A Princeton grad’s enigmatic relationships with a beautiful rich girl and the religious group that claims and possesses her provide the unstable center for this strained, turgid second novel.
Czuchlewski (The Muse Asylum, 2001) focuses tightly on his narrator Matt Kelly, an idealistic type who works for a pittance as a Harlem “teacher for Humanity”—and tries to forget Anna Damiani Barrett, his former classmate and lover, whose bizarre appearances and disappearances are connected to her membership in “Imperium Luminis”: “A vast network of believers giving away their incomes and signing over their lives, working to remake the world according to God’s plan.” In a jumpy narrative that ranges from Matt’s school days to his final discoveries about Imperium Luminis, Czuchlewski traces this protagonist’s educative encounters with several mystifying characters. First and foremost is Anna: devout convert to a benevolent society, or duped victim of a cupiditous cult? The girl of Matt’s dreams, or a manipulative seducer? Quandaries multiply, as Matt matches wits with I.L. spokesman Father Harrington; a former I.L. member (Gregory Blake) who now rescues captive disciples; and Anna’s rough-edged millionaire stepfather Carl Barrett (“new money from ethnic Brooklyn”). An intermittently gripping subplot reveals the true history of Matt’s unnamed father, a traumatized Vietnam veteran and lifelong underachiever whose relentless terminal illness plaintively mocks Matt’s conflicted motions toward, and away from, “the light.” Alas, the Imperium Luminis plot is banal and uninteresting, and Czuchlewski makes it worse by layering in soporific passages from the autobiographical confession of I.L.’s founder Giuseppe Conti, a Sicilian St. Paul of criminal origins, with a prose style reminiscent of Ayn Rand or Khalil Gibran.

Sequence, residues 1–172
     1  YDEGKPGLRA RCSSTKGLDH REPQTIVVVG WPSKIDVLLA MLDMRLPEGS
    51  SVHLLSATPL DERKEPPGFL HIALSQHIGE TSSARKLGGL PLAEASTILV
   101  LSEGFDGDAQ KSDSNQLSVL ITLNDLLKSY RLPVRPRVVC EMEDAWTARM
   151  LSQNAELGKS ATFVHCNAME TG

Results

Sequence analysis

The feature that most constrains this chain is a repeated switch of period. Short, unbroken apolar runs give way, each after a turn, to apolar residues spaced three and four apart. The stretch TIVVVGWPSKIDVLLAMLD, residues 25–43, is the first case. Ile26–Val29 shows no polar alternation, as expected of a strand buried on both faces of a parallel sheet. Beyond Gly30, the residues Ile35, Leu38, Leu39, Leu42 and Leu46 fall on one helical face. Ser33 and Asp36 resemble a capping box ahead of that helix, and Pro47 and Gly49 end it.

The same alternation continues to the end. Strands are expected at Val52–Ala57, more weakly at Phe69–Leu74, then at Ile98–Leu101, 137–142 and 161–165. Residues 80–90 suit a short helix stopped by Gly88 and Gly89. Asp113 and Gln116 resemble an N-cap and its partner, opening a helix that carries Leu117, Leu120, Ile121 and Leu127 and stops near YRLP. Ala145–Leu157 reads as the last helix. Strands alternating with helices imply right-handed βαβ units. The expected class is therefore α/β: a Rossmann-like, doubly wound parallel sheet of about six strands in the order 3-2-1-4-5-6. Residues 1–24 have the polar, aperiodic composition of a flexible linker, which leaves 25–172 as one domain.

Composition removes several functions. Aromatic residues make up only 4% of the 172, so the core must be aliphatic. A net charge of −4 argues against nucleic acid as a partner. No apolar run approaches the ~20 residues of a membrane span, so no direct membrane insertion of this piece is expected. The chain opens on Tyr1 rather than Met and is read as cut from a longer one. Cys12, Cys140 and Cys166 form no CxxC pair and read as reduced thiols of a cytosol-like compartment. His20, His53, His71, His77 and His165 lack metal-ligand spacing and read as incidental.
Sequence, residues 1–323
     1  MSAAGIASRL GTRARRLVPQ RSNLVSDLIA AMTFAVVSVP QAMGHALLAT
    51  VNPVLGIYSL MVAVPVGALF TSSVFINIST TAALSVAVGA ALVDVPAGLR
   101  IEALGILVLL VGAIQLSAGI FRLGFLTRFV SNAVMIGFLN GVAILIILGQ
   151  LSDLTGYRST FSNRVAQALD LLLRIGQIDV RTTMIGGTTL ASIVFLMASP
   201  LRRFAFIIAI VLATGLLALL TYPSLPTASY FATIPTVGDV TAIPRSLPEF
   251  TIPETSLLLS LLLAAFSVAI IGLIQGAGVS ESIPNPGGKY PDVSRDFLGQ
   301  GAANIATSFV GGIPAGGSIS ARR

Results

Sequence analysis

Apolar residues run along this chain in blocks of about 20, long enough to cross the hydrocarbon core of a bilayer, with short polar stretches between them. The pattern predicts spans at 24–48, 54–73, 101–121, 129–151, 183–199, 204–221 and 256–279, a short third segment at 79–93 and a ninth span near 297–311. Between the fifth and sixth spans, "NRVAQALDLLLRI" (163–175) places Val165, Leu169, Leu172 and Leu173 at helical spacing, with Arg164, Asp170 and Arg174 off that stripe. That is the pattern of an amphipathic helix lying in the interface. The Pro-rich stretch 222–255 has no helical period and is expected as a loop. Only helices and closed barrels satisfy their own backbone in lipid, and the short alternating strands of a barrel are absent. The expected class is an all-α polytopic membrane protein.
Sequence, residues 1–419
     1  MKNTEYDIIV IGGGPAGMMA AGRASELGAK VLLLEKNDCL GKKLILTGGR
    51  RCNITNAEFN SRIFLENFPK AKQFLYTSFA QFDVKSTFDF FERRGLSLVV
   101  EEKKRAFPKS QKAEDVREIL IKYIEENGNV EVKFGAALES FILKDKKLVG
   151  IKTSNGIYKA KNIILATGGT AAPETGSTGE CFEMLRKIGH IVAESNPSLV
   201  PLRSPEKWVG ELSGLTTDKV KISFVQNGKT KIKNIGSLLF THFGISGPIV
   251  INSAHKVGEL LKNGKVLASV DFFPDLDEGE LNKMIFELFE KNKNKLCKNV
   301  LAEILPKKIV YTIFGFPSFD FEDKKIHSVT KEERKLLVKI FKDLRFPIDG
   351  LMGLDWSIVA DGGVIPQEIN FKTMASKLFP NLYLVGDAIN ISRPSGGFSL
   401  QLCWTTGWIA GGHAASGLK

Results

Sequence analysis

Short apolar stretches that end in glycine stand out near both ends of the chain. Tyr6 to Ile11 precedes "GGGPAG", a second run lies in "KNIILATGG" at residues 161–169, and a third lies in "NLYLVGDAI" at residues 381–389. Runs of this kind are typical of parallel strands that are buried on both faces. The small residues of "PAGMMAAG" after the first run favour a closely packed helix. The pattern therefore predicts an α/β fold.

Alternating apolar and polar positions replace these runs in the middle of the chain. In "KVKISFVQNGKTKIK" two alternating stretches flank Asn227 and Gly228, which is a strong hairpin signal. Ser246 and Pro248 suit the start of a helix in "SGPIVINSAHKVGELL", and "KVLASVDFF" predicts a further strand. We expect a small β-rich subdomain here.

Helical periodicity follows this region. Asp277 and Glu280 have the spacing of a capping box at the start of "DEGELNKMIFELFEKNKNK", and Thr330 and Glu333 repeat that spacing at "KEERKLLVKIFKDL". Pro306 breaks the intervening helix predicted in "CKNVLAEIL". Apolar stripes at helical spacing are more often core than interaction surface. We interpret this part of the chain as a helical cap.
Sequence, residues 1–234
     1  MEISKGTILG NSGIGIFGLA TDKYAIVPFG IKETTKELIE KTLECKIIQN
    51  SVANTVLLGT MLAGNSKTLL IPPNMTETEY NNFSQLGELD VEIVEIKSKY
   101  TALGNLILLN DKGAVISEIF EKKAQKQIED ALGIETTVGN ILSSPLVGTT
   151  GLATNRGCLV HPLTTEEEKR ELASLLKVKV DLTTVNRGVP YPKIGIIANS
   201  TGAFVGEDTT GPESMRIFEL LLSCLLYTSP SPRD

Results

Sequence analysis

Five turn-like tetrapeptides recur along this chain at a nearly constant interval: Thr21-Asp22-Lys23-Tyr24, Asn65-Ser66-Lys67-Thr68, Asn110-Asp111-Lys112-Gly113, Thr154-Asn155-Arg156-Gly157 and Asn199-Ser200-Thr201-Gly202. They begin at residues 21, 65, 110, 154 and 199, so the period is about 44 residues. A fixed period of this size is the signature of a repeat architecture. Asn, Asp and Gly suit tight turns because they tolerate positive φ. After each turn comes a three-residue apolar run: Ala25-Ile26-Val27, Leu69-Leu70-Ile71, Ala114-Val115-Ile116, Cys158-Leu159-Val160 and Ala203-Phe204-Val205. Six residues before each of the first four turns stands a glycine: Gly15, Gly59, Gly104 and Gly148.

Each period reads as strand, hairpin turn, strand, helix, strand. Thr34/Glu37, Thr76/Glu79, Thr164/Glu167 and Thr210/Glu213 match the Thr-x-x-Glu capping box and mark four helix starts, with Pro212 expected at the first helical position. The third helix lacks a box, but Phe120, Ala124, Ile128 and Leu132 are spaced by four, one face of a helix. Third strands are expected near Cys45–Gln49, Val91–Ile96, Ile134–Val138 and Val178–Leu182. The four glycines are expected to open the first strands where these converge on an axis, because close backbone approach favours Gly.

A major speed bump in an otherwise promising career. Is this actually Czuchlewski’s first novel? It’s tempting to think so.